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Romance and the Stone: A Guide to SF Opera’s ‘Dream of the Red Chamber’
Thursday, June 30, 2022

Romance and the Stone: A Guide to SF Opera’s ‘Dream of the Red Chamber’

If you feel like you’ve been hearing a lot of buzz about Dream of the Red Chamber, you’re not alone. The opera—and the novel it’s based on—have been spotlit all month. Aside from being a visceral love story, Dream of the Red Chamber (pronounced “Hong Lou Meng”/紅樓夢 in Chinese) is a political intrigue, a feminist lyric and a Buddhist tale of reincarnation and spiritual awakening all wrapped into one. 

The opera has been celebrated for creating more visibility and representation for Asian American opera singers and for diversifying a genre that sometimes feels trapped in 18th Century Vienna. 

And while the production is one of the jewels of San Francisco Opera’s summer calendar, there’s so much more to this beloved Qing dynasty tale than immediately meets the eye. 

We’ve put together a list of five ways you can experience the story—including an English translation of the novel, a traditional Chinese opera adaption, a hit TV show, a Shanghai pop standard from the 1940s, and a Canto rock ballad from the 1980s. These five entry points represent different facets of the story and can help you delve deeper into the Dream of the Red Chamber

David Hawkes resigned his chairship at Oxford University to pursue his translation of ‘Story of the Stone,’ an alternate title for ‘Dream of the Red Chamber.’

In Translation 

Dream of the Red Chamber was written by Cao Xue-qin during the Qing dynasty in the mid-1700s. Cao was born into a life of luxury but fell into poverty after his family lost favor with the emperor. Adept at both poetry and prose, he spent years spinning his family’s unraveling into an epic, magical and semi-autobiographical novel. Cao died without ever completing his masterpiece, leaving behind the mother of all cliffhangers and an untitled manuscript with five possible titles for readers to choose from. 

While Dream of the Red Chamber is the most popular of the five titles, Story of the Stone ( “Shitou Ji”/石頭記)  is also commonly used. It is the title David Hawkes selected for his comprehensive five-volume English translation—an undertaking so monumental that he resigned his chairship at Oxford University in order to pursue it. If you’re looking to pick up a copy of the novel in Chinese or in translation, East Wind Books should be your first stop. With locations in SF Chinatown and in Berkeley, this multilingual literary hub can outfit you with everything you need to begin reading Story of the Stone. 

On Stage 

Dream of the Red Chamber has been adapted into an opera several times. One of the most notable examples is the Shanghai Yue Opera Company’s production in the 1950s. This adaptation was so popular that it was mobilized as a form of cultural diplomacy by the People’s Republic of China and sent on tour to the British Colony of Hong Kong. The Yue Opera was adapted into a film in 1962, starring Xu Yulan as Lin Dai-yu. This is Xu’s performance of “Buried Flowers” brought to the screen in a pink-petaled, technicolor garden.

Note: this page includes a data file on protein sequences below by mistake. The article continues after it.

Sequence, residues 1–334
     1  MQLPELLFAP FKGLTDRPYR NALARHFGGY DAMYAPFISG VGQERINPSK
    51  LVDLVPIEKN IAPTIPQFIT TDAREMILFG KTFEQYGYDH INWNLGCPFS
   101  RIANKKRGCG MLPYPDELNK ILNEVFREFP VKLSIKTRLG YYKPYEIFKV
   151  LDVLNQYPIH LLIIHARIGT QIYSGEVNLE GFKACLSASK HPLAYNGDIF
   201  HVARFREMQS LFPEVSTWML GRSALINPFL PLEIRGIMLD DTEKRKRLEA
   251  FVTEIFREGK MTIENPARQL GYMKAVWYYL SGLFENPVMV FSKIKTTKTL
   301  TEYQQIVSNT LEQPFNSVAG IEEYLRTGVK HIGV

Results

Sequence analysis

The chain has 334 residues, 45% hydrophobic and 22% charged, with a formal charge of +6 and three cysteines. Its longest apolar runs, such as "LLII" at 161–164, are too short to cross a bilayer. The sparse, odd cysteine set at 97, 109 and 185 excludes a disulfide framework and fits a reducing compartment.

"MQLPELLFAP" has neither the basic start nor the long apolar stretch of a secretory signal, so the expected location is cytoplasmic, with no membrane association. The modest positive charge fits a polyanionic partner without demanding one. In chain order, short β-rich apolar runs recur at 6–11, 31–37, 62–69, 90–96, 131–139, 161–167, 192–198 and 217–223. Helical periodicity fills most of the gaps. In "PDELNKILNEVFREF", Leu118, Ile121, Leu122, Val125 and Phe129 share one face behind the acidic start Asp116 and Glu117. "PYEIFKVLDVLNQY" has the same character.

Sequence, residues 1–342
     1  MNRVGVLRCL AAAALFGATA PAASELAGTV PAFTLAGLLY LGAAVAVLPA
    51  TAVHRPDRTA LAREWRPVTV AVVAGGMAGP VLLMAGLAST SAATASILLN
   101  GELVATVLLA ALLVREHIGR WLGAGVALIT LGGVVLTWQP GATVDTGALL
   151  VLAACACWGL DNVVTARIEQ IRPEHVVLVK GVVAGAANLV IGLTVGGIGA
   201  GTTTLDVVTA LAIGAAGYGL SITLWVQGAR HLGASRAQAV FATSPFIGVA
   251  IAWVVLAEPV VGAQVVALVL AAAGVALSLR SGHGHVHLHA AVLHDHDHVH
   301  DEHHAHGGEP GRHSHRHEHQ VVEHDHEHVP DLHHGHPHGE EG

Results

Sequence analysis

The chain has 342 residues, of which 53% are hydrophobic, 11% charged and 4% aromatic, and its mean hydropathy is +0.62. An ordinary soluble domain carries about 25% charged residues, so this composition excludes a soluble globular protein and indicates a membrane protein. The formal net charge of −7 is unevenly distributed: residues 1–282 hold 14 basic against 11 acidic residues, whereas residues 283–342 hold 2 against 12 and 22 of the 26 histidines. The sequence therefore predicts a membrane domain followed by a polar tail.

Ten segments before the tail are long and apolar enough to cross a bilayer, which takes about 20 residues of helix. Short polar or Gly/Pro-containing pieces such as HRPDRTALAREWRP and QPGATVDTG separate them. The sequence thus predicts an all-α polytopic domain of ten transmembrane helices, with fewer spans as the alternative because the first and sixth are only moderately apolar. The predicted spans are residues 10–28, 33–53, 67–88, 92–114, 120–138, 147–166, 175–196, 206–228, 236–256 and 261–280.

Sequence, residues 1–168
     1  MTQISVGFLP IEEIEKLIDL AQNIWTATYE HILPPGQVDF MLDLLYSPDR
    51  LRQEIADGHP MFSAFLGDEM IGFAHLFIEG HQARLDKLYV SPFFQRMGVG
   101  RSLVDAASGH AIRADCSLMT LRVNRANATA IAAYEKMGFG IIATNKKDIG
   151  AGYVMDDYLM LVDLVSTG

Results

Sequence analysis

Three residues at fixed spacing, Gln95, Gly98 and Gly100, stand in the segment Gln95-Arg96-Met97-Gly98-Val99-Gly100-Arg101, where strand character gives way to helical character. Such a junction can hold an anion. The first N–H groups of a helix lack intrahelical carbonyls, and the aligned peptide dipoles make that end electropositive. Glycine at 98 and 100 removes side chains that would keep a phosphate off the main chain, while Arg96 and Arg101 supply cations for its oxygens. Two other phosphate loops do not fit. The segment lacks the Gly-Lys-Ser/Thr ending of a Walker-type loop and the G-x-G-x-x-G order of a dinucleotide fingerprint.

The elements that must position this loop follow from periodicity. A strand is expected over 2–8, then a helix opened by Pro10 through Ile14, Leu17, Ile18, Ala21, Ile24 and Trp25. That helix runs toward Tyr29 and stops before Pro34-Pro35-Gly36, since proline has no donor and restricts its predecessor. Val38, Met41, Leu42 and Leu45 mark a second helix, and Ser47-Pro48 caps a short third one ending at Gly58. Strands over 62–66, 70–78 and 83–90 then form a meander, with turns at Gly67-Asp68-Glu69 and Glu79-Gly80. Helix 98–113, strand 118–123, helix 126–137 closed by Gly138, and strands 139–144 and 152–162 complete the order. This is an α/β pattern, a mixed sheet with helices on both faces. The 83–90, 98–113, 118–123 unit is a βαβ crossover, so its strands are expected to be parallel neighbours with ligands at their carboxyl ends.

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Zhou Xuan, one of the Seven Great Singing Stars of 1940s China. | History/Universal Images Group via Getty

In Song 

One of the most famous scenes in the novel involves the ailing poet (and main love interest), Lin Dai-yu, walking around the Jia Family’s garden and burying fallen flower petals with a rake. Cao Xue-qin wrote an elegiac aria into the novel, which Dai-yu sings to herself, comparing the fallen flowers to her own deteriorating health. The lyrics have been adapted, reinterpreted and set to music many times. For example, Zhou Xuan, one of the Seven Great Singing Stars of 1940s China, recorded a rendition of “Buried Flowers” (“Zang Hua”/葬花). The song is an abridged version of Cao’s original poem, but it captures the same tragic tension between the brevity of spring and the brevity of human life. 

On the Small Screen

In the 1980s, Dream of the Red Chamber was adapted into a 36-episode TV series which is infinitely binge-worthy. Shot in traditional four-walled courtyards with a large ensemble cast, the drama will transport you instantly into the inner workings of a wealthy household in 18th Century Beijing. The entire series is available for free on YouTube with Chinese subtitles and faithfully reconstructs all the intrigues, flirtations, schemes and retaliations that make up the novel’s sweeping plot. 

Rock Music

You may have heard of the Hong Kong rock duo known as Tat Ming Pair. Their lead singer, Anthony Wong Yiu-ming, was arrested in 2021 for performing two songs at an election rally. But the group first rose to fame in the 1980s, in part because of a hit song titled “Story of the Stone.” With lush strings, airy synths and velvety vocals, Tat Ming Pair captures the ephemeral and emotional beauty of a 2,000 page novel in the span of four minutes. The chorus cleverly plays off the words for “true” (“zhen/真”) and “false” (“jia/假”), which sound the same as the surnames of the Zhen and Jia families in the novel. It also is a subtle nod to one of the most quoted lines in the book: “Truth becomes fiction when the fiction’s true; Real becomes not-real where the unreal’s real.”

  • I know the Chinese community liked this opera but my husband and I found it to be boring when they produced it the first time. I haven’t read the Dream of the Red Chamber but from what I understand is that it’s a series of stories linked together by a larger framework. The larger framework is not the most interesting part; the individual stories are the good part. What this opera does is use the framework as the plot line so it’s fairly uninteresting. The costumes and staging are nice though.

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